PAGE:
October 28, 2012
Posted: 1223 GMT
'Tis the Hajj season again – once a year the world views the iconic images of a sea of pilgrims dressed in white at Islam's holiest site, Mecca in Saudi Arabia, as more than 3 million people from around the world embark on this ancient pilgrimage. It is one of the pillars of Islam that all Muslims who are financially and physically able must perform this journey at least once in their lifetime.
I've personally been to the Hajj three times - in 2005, 2006 and 2007 – not as a pilgrim, but as a producer covering the event for CNN. It was one of the most logistically challenging assignments I've ever faced and one that left me with some of the more colorful and poignant memories of any story I have covered.
The memories came flooding back as I watched the crowds at Mecca's Grand Mosque circling the Kaaba, the black cube shaped building. It is believed the Kaaba stands on the spot where Abraham built his first temple to God and, while the building itself is not sacred, it is a spiritual symbol. It is towards this direction that Muslims around the world orient themselves to pray five times a day. Hotel rooms around the region have a sticker somewhere with an arrow pointing towards the Kaaba so the visiting faithful can know which way to pray. It is the proverbial North in a Muslim's compass.
These are not the accounts of a pilgrim, but one of the relatively few people who get to be AT the Hajj without being IN the Hajj.
The World Passing By
It seems logical to begin with the obvious. Sitting there on the white marble floor of the Grand Mosque, it was difficult not be blown away by the diversity of the people passing by. Groups of Indonesians in crisp white wearing colored headbands for identification and moving in tight phalanx formations quietly chanting the mantra of the Hajj (which translates approximately to "Oh God, I have obeyed your call"). Groups of West Africans in colorful garb almost singing verses of Islam's Holy Book the Quran. Old Chinese couples, groups of blonde Europeans and Americans; it felt as if we were literally watching the entire world walk past. The effect was nothing short of hypnotic.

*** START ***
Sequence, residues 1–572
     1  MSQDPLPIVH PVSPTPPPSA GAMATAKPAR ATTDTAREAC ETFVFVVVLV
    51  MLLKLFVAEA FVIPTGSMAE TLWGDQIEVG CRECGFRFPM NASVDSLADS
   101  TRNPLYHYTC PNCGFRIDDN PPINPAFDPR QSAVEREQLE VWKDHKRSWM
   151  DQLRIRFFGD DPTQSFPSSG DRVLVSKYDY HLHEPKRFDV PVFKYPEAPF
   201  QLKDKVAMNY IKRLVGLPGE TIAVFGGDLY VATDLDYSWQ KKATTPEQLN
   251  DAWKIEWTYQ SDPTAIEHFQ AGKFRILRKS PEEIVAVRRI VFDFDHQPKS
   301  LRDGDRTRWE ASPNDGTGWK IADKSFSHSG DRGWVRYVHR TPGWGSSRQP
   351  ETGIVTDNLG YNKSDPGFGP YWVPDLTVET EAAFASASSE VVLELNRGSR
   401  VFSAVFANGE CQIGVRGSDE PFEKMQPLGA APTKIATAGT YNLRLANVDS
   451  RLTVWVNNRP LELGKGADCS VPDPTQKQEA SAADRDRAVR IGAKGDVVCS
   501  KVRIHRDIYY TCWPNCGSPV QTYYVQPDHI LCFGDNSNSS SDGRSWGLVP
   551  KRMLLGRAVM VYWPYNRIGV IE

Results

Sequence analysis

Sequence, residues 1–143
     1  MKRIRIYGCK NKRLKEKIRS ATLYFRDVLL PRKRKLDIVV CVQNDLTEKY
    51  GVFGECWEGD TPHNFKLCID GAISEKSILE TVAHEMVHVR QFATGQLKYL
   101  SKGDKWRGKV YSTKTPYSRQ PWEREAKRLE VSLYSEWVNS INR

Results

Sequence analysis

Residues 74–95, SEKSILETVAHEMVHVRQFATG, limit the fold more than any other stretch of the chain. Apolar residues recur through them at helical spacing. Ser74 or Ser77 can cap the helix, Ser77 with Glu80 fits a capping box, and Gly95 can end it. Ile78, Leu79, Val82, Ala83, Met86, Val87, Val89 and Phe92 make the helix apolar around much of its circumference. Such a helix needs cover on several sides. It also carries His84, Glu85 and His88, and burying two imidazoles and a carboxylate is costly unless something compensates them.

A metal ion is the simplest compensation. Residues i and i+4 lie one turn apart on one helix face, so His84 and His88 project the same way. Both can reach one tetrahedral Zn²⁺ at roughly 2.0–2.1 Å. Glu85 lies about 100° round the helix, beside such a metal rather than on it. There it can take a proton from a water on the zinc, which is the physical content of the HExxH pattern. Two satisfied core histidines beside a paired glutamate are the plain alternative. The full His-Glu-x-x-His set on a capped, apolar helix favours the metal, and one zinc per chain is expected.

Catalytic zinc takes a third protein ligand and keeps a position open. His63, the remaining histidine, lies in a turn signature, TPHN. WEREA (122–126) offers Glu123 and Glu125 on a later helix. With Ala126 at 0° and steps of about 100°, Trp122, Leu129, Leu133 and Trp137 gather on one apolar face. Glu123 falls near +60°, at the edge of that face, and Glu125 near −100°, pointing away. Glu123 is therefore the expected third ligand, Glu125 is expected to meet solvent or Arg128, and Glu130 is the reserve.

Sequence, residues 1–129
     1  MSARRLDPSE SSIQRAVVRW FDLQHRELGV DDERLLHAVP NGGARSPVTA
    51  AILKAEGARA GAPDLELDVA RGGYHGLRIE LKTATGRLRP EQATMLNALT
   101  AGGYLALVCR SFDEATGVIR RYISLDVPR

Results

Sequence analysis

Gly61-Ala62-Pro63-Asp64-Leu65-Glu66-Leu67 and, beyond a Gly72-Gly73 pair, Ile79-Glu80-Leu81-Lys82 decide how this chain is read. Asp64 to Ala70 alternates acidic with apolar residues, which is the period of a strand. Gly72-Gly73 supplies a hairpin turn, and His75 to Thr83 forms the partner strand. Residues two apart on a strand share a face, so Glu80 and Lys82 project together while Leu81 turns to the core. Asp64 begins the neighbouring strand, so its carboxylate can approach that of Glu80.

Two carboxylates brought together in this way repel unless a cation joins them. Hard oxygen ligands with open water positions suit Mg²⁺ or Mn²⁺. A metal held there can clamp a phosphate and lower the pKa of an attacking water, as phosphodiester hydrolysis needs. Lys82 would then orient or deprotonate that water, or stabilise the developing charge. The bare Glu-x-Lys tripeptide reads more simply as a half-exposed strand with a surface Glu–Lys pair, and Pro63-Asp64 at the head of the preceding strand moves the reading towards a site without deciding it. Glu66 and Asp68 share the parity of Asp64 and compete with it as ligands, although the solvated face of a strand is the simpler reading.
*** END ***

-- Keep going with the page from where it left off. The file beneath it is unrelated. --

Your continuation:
Every time I received a call telling me I would be covering Hajj again, my first instinct was to immediately dread the vaccinations I would need. Although Viral Meningitis is the only vaccination legally required by Saudi Arabia, my doctor recommended getting an additional SIX : pneumonia, Tetatus, Hepatitis A, Typhoid, Diphtheria, Yellow Fever, and the run of the mill flu shot. Yet despite meticulously getting vaccinated AND constantly wearing a surgical mask around the crowds, there was not a year that the crew did not return home with the infamous "Hajj Flu." No, most doctors wouldn't call it that, but I'm convinced that gathering that many people from that many parts of the world at such close quarters for five days in the desert creates some hybrid super-virus that has knocked me down every time. During one particularly rough year, I lost my voice – which, for a field producer, is the equivalent of a cameraman losing his camera. The solution? Twice a day, the hotel doctor came to give me cortizone shots to unclench my vocal chords so I could speak.
The Devil's Makeover
One of the key rituals of the Hajj is called the "stoning of the devil." Part of the cathardic process of the pilgrimage is to throw stones at three pillars known as the Jamarat symbolizing a rejection of the devil's temptation. This was also the most dangerous part of the ritual when it came to crowd control as 3 million people tried to throw stones at the same time at the same location. There have been many instances where people closer to the Jamarat have been killed or badly wounded by stones being lobbed by pilgrims further back. The Saudi Arabian authorities spent millions of dollars renovating the area, making it multi-layered like a garage instead of one flat plain, and renovating the pillars themselves that represent Satan. When I first visited Mecca, the "Devil" was an obelisque-like pillar but the renovations included replacing the structure (after much religious scholarly debate) with a wide oval wall-like structure with a much bigger surface area that was easier to hit. I recall one late night as we were shooting a story on the preparations, being driven out to the Jamarat area with a security escort as an engineer explained to us how the "Devil" had been remodeled. I couldn't resist taking a photo.